In a cave she and her family inherited from her husband's grandfather, Naima Hamamdeh, 50, mother of eight children from Khirbet Jenbah, ignites the tabun oven with wood to make bread and cook food due to the absence of cooking gas in the villages and khirbes. "The tabun fire does not extinguish in the Masafer," she says.

“Our family used to own more than 250 sheep, and now we only have 150. All the families have suffered from a decline in the number of livestock due to the high price of fodder and water and the restrictions on the use of pastures by the settlers and the soldiers,” she added.

"The conditions of the residents in Masafer Yatta are full of persecution, neglect, harassment and displacement by the Israeli occupation forces, which destroy the basics of their living conditions under various pretexts, including a firing zone or settlement expansion," says Nidal Abu Aram, head of the Masafer Yatta villages council.

He adds that the majority of the people of the villages and khirbes who are under the threat of displacement from Masafer Yatta have documents dating back to the Ottoman period proving ownership of the land.

The people of these villages and ruins live off raising livestock and farming to a lesser extent. They have been subjected to the policy of eviction and forced displacement by the Israeli occupation, threats and deprivation of any rights, and they lack the basic infrastructure and services.

“The families suffer from restrictions in an attempt to push them to leave their lands and stop practicing the profession of their fathers and grandfathers in sheep herding,” said Abu Aram. “The occupation forces and settlers sought to prevent the shepherds from grazing, in addition to the high price of fodder that exceeds the financial capacity of the herders. Therefore, raising sheep has become a burden on them and does not meet their needs, which prompted the majority of young men to work in Israel and leave the herding to their wives and daughters.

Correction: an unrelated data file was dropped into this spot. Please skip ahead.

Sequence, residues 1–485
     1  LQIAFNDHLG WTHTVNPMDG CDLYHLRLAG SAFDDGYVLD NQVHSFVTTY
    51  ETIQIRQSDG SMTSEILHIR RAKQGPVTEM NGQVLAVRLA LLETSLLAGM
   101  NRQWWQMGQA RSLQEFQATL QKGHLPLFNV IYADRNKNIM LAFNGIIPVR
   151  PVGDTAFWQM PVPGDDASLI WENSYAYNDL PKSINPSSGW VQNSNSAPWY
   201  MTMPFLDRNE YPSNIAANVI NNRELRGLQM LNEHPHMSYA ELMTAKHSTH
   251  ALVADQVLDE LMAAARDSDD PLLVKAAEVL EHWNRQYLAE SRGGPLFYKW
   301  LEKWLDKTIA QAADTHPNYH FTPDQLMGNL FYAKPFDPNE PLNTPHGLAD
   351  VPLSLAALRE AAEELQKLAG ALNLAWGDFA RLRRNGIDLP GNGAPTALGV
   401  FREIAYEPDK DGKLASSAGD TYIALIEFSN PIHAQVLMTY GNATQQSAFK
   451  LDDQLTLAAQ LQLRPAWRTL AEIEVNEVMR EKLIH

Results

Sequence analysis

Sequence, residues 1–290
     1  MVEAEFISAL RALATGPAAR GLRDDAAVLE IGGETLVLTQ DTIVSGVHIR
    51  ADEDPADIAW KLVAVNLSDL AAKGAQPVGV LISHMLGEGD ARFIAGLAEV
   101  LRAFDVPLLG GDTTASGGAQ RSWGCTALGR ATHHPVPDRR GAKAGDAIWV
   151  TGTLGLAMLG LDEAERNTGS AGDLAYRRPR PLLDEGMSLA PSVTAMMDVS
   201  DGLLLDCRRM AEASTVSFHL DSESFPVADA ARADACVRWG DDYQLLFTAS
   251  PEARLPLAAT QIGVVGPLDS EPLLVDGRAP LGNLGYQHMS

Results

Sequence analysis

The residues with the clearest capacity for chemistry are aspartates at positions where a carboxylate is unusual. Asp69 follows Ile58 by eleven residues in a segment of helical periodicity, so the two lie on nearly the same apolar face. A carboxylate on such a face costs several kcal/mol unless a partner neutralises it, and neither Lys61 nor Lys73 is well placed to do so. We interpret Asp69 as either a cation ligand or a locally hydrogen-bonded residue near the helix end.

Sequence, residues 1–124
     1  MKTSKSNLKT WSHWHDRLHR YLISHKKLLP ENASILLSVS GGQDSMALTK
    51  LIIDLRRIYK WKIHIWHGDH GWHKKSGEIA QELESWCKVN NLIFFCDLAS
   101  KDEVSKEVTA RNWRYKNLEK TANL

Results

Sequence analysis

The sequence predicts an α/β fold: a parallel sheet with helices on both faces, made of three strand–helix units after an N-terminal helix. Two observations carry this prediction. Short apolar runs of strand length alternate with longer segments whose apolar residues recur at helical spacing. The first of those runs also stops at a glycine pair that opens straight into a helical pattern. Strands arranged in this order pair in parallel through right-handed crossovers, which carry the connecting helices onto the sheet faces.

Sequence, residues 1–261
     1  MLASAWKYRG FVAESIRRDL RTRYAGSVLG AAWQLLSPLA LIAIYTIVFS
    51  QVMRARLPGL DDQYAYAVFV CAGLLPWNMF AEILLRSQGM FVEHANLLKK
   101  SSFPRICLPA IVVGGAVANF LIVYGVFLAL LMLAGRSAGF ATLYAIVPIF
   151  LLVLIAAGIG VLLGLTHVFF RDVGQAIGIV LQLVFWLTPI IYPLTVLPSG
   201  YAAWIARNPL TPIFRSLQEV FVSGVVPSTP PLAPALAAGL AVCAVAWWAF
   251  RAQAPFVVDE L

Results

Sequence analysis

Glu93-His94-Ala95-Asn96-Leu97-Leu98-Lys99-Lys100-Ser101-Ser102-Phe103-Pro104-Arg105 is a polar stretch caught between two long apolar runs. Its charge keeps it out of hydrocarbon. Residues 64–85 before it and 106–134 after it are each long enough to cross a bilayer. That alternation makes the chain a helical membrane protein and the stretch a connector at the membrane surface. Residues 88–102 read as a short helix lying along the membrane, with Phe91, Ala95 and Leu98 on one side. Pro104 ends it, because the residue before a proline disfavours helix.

Regarding the water networks, Abu Aram said a water network was established in the threatened villages and khirbes in 2018 with the support of the European Union and the United Nations Children's Fund, UNICEF, and implemented by the organization Action Against Hunger, ACF, and in 2019 it was sabotaged by the occupation forces that cut off more than five kilometers of the pipes in the network and 10 kilometers were completely destroyed, forcing residents of the Masafer to rely on water-collecting wells to this day.

He pointed out that the villages and the khirbes were supplied with solar cells in stages. Al-Fakhit, Asfi and Maghair al-Abeed got solar cells in 2011, while central solar cells were built for the communities in 2016 in al-Markaz, Janba, Halawi, al-Majaz, and Khallet al-Dabaa.

He said the blockade and restrictions did not stop the aspirations of the residents of the threatened villages and ruins in building five elementary schools where children have to walk four kilometers to reach the classrooms. In the village of al-Fakhit, there is only one high school to which students have to walk more than seven kilometers to reach. The success of the school year depends on the mood of the occupation soldiers by allowing the school staff and students to pass through a closed military gate with special permits and searches, and the accompanying humiliation and daily insults and distress for the students who are already exhausted from the long journey to their school, riding on animals or on foot, going through mountains and rugged terrain in harsh weather conditions. Yet, the rate of illiteracy among the children in the Masafer is close to the rate of illiteracy in Palestine, and that females are nevertheless interested in university studies.

A school in the village of Asfi was demolished in 2022, and the soldiers seized the tent in which the students were studying.

Regarding health care, Abu Aram said there is a simple health clinic that operates one day a week. It provides patients with chronic diseases with medicines and conducts some clinical examinations. Yet, this clinic received a demolition order from the occupation authorities.

He said the khirbes and villages also suffer from rugged streets and the absence of paved roads that facilitate the movement of people.